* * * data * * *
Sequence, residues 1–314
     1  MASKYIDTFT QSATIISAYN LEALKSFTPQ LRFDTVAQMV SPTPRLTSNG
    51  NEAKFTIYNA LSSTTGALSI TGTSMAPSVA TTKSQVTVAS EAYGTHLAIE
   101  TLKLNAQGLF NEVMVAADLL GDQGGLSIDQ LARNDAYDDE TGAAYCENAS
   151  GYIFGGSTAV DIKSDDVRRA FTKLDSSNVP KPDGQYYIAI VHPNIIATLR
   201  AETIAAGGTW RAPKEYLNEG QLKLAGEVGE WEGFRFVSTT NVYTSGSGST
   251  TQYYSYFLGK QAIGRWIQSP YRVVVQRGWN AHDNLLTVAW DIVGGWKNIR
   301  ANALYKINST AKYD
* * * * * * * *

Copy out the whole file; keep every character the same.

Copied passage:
Sequence, residues 1–314
     1  MASKYIDTFT QSATIISAYN LEALKSFTPQ LRFDTVAQMV SPTPRLTSNG
    51  NEAKFTIYNA LSSTTGALSI TGTSMAPSVA TTKSQVTVAS EAYGTHLAIE
   101  TLKLNAQGLF NEVMVAADLL GDQGGLSIDQ LARNDAYDDE TGAAYCENAS
   151  GYIFGGSTAV DIKSDDVRRA FTKLDSSNVP KPDGQYYIAI VHPNIIATLR
   201  AETIAAGGTW RAPKEYLNEG QLKLAGEVGE WEGFRFVSTT NVYTSGSGST
   251  TQYYSYFLGK QAIGRWIQSP YRVVVQRGWN AHDNLLTVAW DIVGGWKNIR
   301  ANALYKINST AKYD